The Human Rights Defenders (HRD) Awards gala’s seventh edition was not your typical gathering of human rights advocates.
The gala, which was held on Friday, December 2 at the residence of the Swedish Ambassador in Nairobi Kenya, brought together human rights advocates from all spheres of life.
At 2 pm, guests began to arrive for the invitation-only, star-studded event. Ambassador Caroline Vicini, the event’s host, and Kamau Ngugi, the Executive Director of the Defenders Coalition and chairperson of the East and Horn of Africa HRD Network, will then give opening remarks.
Following the introduction of the eight-member selection panel, which included former Chief Justice Dr. Willy Mutunga, the audience was treated to a speech by their chairperson, Rachael Mwikali.
The winners of the HRD Awards’ previous iteration also shared their testimonies about their efforts to ensure that Kenya develops a democratic state and society that upholds social justice and human rights.
Following that, it culminated in the day’s main agenda, which was to honor and celebrate the brave Kenyans who have dedicated their lives to defending and advancing the universality of human rights.
Meet the Winners of Human Rights Defenders Award 2022
John Allan Namu
The investigative journalist John Allan Namu won the overall winner of the Human Rights Defender of the Year award.
Namu received praise for concentrating on social justice topics throughout the most of his 17-year journalism career.
He has written numerous articles discussing the overuse of force, extrajudicial killings, and forced disappearances by Kenya’s security forces. One such piece is the documentary “Justice be our shield,” which tells the story of the plot to kill human rights lawyer and investigator Willie Kimani, his client Josephat Mwenda, and their cab driver Joseph Muiruri.
Billy Hani is another Upcoming Human Rights Defender of the Year Award winner.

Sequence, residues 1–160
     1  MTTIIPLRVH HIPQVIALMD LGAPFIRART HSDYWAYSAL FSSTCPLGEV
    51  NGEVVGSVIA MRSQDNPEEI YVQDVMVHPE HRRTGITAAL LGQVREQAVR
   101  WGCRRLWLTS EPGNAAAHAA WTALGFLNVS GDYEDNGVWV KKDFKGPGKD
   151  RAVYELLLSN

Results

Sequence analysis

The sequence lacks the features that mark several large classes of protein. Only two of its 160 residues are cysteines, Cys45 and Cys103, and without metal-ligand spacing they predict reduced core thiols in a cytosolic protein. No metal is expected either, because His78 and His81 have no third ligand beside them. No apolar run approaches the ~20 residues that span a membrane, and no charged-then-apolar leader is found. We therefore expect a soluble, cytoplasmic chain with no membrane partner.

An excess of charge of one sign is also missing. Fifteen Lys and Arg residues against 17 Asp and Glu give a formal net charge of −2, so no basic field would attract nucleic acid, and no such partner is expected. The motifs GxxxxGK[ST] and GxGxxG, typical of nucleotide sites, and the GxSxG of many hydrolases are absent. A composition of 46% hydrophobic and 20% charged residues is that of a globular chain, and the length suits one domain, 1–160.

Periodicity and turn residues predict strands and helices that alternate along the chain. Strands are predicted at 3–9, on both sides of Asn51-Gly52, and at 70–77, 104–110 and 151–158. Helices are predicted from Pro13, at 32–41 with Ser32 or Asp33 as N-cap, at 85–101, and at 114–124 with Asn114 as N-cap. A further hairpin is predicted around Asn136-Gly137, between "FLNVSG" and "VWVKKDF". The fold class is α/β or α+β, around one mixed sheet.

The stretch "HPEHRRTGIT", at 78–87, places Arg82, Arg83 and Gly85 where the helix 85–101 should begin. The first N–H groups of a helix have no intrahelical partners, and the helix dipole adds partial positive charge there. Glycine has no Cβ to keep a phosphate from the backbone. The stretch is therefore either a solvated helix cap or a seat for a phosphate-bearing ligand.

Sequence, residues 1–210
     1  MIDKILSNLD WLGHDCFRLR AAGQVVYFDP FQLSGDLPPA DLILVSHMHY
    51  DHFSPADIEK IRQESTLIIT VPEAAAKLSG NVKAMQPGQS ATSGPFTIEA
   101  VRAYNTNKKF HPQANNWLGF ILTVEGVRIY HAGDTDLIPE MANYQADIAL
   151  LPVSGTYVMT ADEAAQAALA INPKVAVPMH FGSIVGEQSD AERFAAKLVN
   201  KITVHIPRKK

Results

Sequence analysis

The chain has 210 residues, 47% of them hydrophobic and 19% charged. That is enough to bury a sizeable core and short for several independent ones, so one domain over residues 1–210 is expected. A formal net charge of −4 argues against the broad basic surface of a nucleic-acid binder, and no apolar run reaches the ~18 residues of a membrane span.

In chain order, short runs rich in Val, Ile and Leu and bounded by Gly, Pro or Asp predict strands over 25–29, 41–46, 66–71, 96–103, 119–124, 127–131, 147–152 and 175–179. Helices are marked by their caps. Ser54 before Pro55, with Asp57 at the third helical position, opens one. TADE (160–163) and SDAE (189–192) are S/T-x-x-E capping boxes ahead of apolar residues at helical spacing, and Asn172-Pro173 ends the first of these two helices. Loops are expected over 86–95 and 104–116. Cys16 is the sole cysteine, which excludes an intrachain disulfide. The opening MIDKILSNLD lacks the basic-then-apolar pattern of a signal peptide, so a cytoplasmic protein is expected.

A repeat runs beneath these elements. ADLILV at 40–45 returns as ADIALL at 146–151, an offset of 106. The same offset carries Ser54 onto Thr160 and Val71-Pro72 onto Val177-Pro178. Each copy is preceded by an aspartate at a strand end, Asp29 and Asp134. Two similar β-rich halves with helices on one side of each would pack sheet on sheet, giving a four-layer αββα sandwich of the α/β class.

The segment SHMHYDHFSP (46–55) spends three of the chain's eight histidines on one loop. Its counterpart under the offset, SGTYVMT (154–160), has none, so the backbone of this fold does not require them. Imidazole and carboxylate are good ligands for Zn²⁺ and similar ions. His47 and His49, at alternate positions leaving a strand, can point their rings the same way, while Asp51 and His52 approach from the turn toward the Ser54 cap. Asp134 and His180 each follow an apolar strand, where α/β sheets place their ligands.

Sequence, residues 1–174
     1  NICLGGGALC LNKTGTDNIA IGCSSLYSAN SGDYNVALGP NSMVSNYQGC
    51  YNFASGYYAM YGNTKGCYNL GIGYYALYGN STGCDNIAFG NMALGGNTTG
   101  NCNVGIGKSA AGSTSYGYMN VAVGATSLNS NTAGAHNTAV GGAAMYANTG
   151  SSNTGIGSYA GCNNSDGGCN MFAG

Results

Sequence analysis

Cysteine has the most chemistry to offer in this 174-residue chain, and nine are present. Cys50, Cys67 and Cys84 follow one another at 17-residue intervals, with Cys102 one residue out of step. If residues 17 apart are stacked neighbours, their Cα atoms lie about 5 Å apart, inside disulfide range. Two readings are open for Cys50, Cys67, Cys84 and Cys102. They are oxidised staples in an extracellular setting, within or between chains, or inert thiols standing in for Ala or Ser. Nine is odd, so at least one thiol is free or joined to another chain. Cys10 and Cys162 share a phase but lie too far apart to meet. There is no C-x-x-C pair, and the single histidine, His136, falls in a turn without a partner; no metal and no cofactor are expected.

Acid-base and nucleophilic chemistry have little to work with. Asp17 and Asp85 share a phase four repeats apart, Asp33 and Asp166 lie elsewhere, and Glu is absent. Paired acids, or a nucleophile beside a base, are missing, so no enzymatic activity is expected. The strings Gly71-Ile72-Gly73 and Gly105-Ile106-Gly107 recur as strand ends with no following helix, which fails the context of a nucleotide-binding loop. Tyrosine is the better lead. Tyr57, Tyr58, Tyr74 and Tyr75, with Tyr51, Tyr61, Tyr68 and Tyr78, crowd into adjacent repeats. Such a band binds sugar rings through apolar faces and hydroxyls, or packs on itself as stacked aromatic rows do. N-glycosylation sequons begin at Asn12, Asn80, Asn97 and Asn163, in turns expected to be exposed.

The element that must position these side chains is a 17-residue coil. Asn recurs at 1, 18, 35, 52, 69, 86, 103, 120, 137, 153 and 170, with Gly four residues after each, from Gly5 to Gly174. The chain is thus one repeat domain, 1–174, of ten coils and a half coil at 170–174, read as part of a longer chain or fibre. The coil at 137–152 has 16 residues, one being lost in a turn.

Billy, a queer artist and activist based in Kenya, explores African queerness, sexuality, gender identity and expression, bodies, and mental health through writing and photography.
Billy is a co-curator of HeART Out Kenya, an art therapy initiative for feminists, LGBTQ+ people, and other groups.
Billy began his activism in 2018 by educating people about LGBTQ+ issues on social media.
They have advocated for LGBTQ+ rights online and in person in various local and national spaces over the last five years.
They’ve written extensively about the issues that Sexual and Gender Minorities face, and they’re still documenting similar stories through writing and photography.
Grace Kalekye Mwangangi was named Upcoming Human Rights Defender of the Year.
She was trafficked to India and forced into sex work in 2018, prompting her to become an anti-human trafficking advocate.
Kalekye, a journalist-turned-musician intern at Free the Slaves, has used radio, television, and social media platforms to share her story in order to raise awareness about human trafficking.
She dreams of one day having a large platform where survivors can tell their stories and victims can connect with their families.
Along with Grace Kalekye and Billy Hani, Lisa Gem was the third recipient of the Upcoming Human Rights Defenders of the Year Award.
The Popular Vote Award went to Boniface Mwangi, arguably one of the most outspoken and courageous Kenyans of his generation.
Mwangi began his career as a photojournalist, but the 2008 Post-Election Violence marked a turning point for him after he witnessed firsthand the brutality that the country’s most vulnerable citizens faced. At this point, he decided to become an activist and founded “Picha Mtaani,” a traveling photography company intended to both record and denounce the violence.
Mwangi has been arrested several times for advocating for justice for Kenyans and calling out corrupt politicians.
However, this is not the first time Mwangi has been recognized for his efforts to promote human rights.
He won the prestigious Prince Claus award nine years ago.
Prof. Micere Mugo
Even though he was not present, renowned dramatist, author, activist, teacher, and poet Prof. Micere Mugo was also honored with the Lifetime Achievement Award during the vibrant gala.
She uses her artistic creations as a platform to advance social justice and human rights throughout Africa, not only in Kenya.
Micere and her family were forced to leave Kenya in 1982 after the attempted coup because she was one of the people the government was hunting. She lost her citizenship as well.
The courageous Prof. Micere continued her literary critique, African Orature, and Human Rights work after fleeing to Zimbabwe and obtaining employment as a teacher. She emphasizes the politics of the Kirinyaga County Ndia community’s culture in this essay.
The writer, Daniel Maithya is a Communications and Digital Media Strategist.